First off, I'll be blunt: I'm gonna cheat on this one by misinterpreting "an event" to mean "an episode of my life." I'd apologize, but whatever, you're getting this for free so it's not like you're losing out or anything.
As mentioned in an earlier post this month, I moved in to a rental house in Oakland (the garage, actually) after graduating from university. I'd know the rest of the housemates there because cbertsch was the previous tenant of that garage; most everyone in the house was a grad student (English department) at UC Berkeley at the time. This included a strapping young red-bearded man by the name of Josh.
Now listen up, kids. Back in 1992, bears were not widely known. Bear magazine numbers had just crept into the double digits, the Internet was not widely used, pop cultural references were virtually nil, and things were on the whole, well, different. In my social circles at the time, however, it was generally known that I was attracted to men who looked like myself, even if the two boyfriends I'd had up until graduation were only marginally bearish. As a result, I was fortunate to have friends looking out for one of my best interests. Now, I didn't know Josh well, and we were never friends, but we did become housemates. Josh was straight. Josh was also a reader of Granta, the UK literary magazine. And one day in 1992, Josh handed me a copy of Issue 38 of Granta, which contained a story entitled Bears in Mourning, written by Welsh novelist Adam Mars-Jones. (You can read this story here if you'd like.)
Oh, to be young again. Bears in Mourning affected me deeply. Being 22 and not as self-conscious as I am today, I borrowed other housemate's Ben's Macintosh IIci and wrote a fan letter. (I am cringing as I type this.) Much to my amazement, Adam wrote back (even though I had mistakenly read the story as autobiography and not as fiction, which is making me cringe AGAIN as I type this.) A friendship developed; we met for the first time after reading from his Monopolies of Loss at A Different Light in San Francisco over dinner at Ma Tante Sumi along with Bruce, the guy who gave me the copy of the new recording Einstein on the Beach. A year later, I flew to London to visit for a week, and danlmarmot picked me up at the airport. I had a blast: Adam was then the film critic for the Independent, so I got to sneak in to a press screening of The Hudsucker Proxy with him. We saw Eddie Izzard perform in a David Mamet play. I rode around London on the back of his Harley. I met Salman Rushdie at Erica Jong's book launch (for Fear of Fifty) at the Groucho Club. And I met a young girl that enjoyed a particular song very, very much:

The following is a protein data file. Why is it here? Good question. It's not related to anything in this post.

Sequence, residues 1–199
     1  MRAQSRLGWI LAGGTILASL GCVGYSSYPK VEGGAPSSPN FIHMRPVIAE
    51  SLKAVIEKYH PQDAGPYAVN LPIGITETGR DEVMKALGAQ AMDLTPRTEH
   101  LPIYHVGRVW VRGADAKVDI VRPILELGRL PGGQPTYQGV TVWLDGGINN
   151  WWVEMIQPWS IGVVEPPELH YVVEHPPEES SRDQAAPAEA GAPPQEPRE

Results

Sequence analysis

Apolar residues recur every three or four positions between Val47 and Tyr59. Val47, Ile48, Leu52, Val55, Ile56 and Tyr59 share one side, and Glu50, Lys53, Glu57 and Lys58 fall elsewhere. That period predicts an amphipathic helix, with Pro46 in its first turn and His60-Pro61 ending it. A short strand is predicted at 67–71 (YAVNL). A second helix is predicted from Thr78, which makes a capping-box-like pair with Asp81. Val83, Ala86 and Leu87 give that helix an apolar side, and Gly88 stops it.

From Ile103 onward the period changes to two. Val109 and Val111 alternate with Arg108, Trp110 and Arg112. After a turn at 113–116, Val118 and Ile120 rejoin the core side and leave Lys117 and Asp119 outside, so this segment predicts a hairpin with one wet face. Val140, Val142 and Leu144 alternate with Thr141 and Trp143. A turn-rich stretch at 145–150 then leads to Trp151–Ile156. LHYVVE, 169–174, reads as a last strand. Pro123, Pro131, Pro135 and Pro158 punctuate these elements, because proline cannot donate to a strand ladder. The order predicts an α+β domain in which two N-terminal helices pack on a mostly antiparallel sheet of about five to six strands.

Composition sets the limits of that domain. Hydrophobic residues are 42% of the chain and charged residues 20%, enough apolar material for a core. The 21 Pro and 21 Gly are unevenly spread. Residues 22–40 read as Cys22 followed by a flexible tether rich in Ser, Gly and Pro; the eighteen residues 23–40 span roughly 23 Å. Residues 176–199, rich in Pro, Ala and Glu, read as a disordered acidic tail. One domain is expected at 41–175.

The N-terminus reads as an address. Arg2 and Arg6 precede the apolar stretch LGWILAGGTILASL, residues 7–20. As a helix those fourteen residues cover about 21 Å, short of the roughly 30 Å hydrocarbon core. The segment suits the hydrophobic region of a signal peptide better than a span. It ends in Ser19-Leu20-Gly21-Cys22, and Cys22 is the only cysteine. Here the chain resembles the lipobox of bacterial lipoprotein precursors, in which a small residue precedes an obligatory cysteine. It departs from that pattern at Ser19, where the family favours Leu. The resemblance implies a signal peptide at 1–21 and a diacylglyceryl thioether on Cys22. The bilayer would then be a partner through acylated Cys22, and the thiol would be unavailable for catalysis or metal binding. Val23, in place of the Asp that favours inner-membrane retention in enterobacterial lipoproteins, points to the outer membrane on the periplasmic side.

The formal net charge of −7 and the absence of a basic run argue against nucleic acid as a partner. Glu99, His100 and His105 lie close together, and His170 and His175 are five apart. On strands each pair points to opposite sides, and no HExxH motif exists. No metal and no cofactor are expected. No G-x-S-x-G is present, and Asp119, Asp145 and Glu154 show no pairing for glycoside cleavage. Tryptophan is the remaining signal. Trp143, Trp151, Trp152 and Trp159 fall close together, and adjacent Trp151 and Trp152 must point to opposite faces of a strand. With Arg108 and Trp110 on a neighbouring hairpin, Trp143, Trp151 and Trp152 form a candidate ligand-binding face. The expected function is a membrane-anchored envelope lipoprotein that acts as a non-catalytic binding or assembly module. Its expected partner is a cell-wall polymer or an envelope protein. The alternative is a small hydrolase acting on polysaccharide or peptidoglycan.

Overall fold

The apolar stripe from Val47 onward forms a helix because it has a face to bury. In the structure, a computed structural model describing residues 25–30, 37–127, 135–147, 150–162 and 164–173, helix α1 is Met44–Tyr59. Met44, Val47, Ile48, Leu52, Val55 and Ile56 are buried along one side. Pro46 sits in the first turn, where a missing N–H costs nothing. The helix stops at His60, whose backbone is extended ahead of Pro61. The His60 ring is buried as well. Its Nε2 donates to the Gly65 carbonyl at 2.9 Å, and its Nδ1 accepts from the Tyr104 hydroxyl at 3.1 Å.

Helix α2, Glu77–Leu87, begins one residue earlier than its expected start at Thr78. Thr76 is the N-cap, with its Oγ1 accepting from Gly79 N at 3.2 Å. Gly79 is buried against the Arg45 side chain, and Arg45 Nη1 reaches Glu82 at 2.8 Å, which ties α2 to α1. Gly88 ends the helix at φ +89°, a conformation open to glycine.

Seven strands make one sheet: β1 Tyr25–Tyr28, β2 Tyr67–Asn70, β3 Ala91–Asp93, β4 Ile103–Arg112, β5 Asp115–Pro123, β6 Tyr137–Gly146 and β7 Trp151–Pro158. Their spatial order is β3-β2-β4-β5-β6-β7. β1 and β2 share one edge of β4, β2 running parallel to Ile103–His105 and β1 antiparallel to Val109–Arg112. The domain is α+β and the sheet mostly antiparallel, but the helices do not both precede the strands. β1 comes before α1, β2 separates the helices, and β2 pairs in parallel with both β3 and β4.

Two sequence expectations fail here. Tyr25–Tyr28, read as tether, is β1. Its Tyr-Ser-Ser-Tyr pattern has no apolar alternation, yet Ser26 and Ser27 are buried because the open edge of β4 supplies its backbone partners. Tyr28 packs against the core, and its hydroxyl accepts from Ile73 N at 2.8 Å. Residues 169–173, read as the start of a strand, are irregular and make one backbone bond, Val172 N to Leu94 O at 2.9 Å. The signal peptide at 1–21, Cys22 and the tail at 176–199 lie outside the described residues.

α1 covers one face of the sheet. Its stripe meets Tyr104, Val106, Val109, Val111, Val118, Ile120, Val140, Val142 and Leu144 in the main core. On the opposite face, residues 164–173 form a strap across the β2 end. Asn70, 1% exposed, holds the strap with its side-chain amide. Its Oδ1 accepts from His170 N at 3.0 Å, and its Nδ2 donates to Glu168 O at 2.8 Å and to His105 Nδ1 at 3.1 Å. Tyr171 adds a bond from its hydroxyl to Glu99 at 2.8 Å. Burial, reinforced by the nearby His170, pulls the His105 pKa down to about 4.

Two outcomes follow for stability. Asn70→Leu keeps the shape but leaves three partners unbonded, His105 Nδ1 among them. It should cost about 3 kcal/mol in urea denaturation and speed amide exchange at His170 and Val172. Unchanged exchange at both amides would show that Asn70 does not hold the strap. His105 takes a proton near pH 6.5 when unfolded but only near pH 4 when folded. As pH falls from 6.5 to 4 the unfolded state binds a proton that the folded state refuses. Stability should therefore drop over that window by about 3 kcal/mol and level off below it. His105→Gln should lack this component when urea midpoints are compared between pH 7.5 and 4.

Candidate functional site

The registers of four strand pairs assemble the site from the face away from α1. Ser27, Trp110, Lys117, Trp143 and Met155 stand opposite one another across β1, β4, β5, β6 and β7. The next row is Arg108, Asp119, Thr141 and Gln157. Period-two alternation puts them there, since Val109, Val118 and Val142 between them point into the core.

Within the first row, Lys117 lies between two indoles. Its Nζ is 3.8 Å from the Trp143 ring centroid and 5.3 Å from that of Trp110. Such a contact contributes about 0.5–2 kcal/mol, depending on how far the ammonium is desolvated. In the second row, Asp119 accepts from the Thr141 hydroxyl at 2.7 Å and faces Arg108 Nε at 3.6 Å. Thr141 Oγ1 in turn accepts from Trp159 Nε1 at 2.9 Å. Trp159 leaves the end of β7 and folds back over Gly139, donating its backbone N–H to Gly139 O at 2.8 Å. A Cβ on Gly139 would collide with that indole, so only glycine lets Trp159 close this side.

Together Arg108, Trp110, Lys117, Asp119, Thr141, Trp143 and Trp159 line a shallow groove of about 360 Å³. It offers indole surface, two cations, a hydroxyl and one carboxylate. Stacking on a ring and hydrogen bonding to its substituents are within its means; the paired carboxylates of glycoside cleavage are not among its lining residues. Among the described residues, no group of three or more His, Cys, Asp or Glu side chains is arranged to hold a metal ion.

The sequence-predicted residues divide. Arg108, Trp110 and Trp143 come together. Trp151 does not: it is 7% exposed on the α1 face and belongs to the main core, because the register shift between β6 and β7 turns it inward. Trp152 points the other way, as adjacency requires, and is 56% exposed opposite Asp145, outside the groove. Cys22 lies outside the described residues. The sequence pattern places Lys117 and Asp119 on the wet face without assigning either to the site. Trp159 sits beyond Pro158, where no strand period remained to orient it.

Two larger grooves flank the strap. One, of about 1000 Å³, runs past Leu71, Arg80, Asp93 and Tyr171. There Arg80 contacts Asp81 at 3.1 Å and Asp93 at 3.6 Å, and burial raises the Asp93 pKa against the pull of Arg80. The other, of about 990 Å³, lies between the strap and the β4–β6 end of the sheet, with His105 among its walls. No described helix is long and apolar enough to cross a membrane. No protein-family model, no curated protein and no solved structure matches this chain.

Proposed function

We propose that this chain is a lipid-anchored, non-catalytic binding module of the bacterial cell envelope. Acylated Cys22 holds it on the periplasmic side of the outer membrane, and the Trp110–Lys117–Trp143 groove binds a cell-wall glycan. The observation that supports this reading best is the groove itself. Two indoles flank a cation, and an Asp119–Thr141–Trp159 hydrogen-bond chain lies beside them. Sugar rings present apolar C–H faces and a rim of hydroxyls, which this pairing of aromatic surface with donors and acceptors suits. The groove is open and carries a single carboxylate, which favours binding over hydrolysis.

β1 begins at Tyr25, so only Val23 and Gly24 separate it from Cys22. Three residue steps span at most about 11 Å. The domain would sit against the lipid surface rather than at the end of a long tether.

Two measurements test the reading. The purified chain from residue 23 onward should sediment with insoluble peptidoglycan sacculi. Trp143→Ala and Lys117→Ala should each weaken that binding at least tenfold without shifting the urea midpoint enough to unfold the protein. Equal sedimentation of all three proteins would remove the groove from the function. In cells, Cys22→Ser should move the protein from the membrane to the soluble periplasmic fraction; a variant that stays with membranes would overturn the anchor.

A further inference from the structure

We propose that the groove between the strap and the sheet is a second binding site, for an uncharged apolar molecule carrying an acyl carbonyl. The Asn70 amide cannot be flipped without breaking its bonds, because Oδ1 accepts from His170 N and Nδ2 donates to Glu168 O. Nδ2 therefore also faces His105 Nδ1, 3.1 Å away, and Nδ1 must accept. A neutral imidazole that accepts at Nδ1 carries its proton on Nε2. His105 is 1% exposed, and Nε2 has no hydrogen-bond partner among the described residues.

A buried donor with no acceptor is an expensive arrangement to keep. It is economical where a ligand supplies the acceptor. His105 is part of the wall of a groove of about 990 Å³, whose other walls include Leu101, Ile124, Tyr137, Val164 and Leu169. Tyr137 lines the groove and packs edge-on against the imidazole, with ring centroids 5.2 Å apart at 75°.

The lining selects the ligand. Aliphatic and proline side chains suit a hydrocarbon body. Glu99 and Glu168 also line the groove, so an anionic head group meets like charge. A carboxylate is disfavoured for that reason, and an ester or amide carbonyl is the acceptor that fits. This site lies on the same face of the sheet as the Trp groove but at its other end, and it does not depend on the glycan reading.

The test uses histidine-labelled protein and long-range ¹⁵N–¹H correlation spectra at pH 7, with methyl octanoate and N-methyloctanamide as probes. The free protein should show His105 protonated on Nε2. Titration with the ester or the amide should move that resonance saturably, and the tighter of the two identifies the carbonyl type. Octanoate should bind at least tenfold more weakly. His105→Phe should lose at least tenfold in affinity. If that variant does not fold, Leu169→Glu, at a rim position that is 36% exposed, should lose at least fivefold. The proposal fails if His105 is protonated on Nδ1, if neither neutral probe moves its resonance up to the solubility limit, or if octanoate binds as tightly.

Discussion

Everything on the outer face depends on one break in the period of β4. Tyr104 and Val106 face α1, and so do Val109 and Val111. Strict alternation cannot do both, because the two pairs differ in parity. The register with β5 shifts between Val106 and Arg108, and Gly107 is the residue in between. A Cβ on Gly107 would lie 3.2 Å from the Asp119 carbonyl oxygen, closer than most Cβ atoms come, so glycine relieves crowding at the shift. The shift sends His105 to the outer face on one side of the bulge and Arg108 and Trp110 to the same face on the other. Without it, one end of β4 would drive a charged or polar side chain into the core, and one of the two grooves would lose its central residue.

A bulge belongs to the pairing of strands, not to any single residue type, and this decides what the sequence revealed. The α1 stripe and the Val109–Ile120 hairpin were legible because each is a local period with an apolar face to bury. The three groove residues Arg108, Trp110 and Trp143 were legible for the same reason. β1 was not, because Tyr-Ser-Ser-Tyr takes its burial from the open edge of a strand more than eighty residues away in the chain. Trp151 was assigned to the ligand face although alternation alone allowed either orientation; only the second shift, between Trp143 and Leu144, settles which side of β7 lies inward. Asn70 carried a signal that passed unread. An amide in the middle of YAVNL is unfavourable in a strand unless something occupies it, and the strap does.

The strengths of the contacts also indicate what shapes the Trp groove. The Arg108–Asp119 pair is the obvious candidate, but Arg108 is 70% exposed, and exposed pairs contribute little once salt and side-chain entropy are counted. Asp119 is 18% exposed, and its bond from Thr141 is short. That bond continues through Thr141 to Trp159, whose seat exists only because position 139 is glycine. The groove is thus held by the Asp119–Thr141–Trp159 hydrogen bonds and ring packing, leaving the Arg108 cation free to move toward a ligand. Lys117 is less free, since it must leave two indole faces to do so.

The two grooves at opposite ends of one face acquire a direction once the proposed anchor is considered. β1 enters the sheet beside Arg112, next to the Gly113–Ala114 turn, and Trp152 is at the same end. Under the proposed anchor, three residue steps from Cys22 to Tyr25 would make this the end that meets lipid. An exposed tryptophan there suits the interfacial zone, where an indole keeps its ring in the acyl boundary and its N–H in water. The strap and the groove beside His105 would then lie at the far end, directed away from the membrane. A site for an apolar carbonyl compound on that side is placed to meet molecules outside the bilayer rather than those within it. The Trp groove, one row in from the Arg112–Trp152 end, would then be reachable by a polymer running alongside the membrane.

As a result, I think of Adam whenever I hear the word Albuquerque; I was reminded of him when mlr mentioned the city. It's just one of those things.
Sadly, it all ended badly. I'll just say that I made mistakes - sadly not surprising for a 24 year old - and didn't do by right by our friendship. In early 1997, his new book arrived in my post box in Sunnyvale, CA. The dedication reads in part thusly: For Christopher, in memory of friendship.
And that's the last I heard of Adam.